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How time charters offer window on bulk shipping sentiment

DHT just chartered out a tanker for three years. Photo courtesy of DHT Holdings

Spot rates garner the headlines in ocean shipping, but what happens in the long-term time-charter market could be a more telling indicator for tanker and dry bulk markets.

“We view term [time-charter] rates to be a better indicator of market health and fundamentals relative to the fickle spot market,” said Amit Mehrotra, transportation analyst at Deutsche Bank.

In a spot ocean transport deal, a shipper pays the vessel interest in dollars per ton of cargo moved and the ship owner covers fuel and other costs. In a time charter, the shipper (the charterer) pays the ship owner a rate in dollars per day and the charterer, not the ship owner, covers the fuel and voyage costs.

If global bulk commodity shippers expect spot prices to rise substantially in the future, they lock in their transport costs by signing time charters.

When time-charter rates rise and the duration of contracts increases, it tells you that cargo shippers are worried that spot rates will increase sustainably. 

IMO 2020 conundrum

One challenge to using time charters as a bellwether is that this particular market signal is currently experiencing interference. For at least the next several months, bulk commodity shippers’ decision to shift from spot to time charters will be complicated by uncertainty over the IMO 2020 rule.

Starting January 1, 2020, all marine fuel burned on vessels not equipped with exhaust gas scrubbers must have a sulfur content of 0.5 percent or less. The premium of compliant ultra-low-sulfur fuel over the cost of high-sulfur heavy fuel oil (HFO) remains unknown.

Given that the time charterer pays for the fuel, not knowing this variable makes it more difficult for both sides to come to an agreement on what the fair day rate should be. Not only would time charterers fear paying too much, ship owners would fear tying up tonnage too cheaply.

The same uncertainty applies to scrubber-fitted vessels that will continue to burn HFO. Because the spread between HFO and IMO 2020-compliant fuel is still unknown, the premium charterers should pay to employ scrubber-fitted ships remains unclear.

During a webinar in July presented by Capital Link, a New York-based investor relations, communications and advisory firm, Safe Bulkers (NYSE: SB) chief executive officer Polys Hajioannou commented, “It would be silly to tie [ships] up on period charters of one or two years before we know the spread [between compliant and non-compliant fuel].” He said he “wouldn’t fix [charter] any ship” before he knew the spread.

On the latest quarterly analyst call of Genco Shipping & Trading (NYSE: GNK), chief executive officer John Wobensmith said, “On the time-charter market, in terms of Capes [Capesize bulkers, which have a capacity of 100,000 deadweight tons or more], I still think it’s too early. As you get closer to the end of the year and you have the IMO 2020 fuel switchover, that’s when you’ll start to see the premiums in the time-charter market versus a ship that does not have a scrubber.”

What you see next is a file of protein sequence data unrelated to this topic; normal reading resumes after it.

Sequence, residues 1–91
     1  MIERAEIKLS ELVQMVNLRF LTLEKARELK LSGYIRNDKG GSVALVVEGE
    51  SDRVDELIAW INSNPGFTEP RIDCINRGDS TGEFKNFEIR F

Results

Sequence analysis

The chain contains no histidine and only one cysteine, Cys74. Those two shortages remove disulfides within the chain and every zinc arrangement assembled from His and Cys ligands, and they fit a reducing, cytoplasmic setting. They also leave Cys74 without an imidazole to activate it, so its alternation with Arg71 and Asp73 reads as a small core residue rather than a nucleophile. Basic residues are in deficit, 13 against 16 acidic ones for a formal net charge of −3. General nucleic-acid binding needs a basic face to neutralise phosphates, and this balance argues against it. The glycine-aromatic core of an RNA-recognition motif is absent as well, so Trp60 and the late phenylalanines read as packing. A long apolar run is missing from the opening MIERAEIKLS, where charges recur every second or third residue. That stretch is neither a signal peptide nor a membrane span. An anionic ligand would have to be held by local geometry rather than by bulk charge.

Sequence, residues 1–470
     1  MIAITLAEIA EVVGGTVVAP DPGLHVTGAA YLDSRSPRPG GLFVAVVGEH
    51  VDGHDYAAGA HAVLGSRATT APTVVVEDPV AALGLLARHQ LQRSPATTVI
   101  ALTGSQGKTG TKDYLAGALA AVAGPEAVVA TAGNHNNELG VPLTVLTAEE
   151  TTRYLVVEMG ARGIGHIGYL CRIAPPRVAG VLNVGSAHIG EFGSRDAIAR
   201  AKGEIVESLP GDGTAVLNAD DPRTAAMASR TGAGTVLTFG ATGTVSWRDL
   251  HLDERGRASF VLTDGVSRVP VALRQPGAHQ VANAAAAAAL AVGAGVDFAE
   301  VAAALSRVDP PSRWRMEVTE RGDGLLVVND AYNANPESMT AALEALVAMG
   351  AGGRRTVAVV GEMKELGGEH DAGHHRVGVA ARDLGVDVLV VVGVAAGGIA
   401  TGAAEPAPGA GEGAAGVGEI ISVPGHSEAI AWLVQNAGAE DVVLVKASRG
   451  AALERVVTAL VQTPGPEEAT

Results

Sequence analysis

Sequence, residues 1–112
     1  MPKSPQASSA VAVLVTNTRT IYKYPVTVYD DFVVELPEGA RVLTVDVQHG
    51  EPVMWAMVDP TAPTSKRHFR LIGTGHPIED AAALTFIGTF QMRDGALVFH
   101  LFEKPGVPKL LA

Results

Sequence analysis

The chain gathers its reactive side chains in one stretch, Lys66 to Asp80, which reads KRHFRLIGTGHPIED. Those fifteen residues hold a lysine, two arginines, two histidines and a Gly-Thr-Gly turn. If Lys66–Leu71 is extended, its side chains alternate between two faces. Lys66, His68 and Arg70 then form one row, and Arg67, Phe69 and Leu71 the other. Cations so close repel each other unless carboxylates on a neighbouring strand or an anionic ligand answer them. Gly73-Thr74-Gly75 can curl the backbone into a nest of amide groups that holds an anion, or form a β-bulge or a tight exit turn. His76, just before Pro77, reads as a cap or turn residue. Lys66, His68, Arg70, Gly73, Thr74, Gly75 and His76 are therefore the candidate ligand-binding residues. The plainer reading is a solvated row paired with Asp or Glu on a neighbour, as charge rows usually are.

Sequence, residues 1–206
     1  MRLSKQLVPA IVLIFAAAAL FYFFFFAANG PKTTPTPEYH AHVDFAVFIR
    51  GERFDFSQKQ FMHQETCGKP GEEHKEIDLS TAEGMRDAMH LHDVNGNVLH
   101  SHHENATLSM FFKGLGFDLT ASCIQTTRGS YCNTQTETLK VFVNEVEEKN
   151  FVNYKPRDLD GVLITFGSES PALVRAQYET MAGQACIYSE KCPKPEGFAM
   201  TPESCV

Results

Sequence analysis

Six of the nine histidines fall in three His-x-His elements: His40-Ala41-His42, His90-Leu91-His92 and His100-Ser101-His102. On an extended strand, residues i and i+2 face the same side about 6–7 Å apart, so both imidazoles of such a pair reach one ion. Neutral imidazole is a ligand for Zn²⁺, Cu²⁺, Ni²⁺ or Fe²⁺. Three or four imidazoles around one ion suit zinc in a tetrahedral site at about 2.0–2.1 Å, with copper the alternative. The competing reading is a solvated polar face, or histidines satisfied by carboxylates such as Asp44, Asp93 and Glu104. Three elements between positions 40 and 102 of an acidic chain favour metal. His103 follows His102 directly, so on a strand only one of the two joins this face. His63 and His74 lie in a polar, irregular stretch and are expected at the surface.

Current time-charter activity

With more clarity about fuel pricing, time-charter activity should theoretically increase. But even before the spread is known, time charters are still getting done. Certain business models require long-term transport contracts.  

“There is interest in time charters, in general,” affirmed Svein Moxnes Harfjeld, co-CEO of tanker company DHT Holdings (NYSE: DHT) on the company’s latest call with analysts. “There is still interest to cover.”

On August 13, DHT Holdings time-chartered a scrubber-fitted 2012-built very large crude carrier for three years to a leading refining company at $30,000 per day plus profit sharing.

Mixed-fleet owner Norden (NASDAQ Copenhagen: DNORD) recently disclosed that it had placed four product tankers on long-term charters at $17,000-$19,000 per day and cited rising rates.

According to Mehrotra, “Supporting our positive outlook [for product tankers] is a healthy time-charter market where rates are being struck in excess of broker expectations.” He also noted, “Crude tanker time-charter markets continue to push higher, supporting our view of tightening fundamentals.”

In other words, Mehrotra believes the time-charter indicator is flashing ‘green’ in terms of future rate strength.

Operating leverage vs. financial leverage

The proportion of spot employment to time charters is not just a signal on future market sentiment. It’s also a key factor in the risk profile of ship owners.

Certain shipping segments depend on time charters more so than others. In the dry bulk, crude tanker and product tanker sectors, there is a much greater emphasis on spot employment, especially when markets are weak. Freight rates in these segments have been bouncing along the bottom since the 2008-09 global financial crisis, often at below-breakeven levels.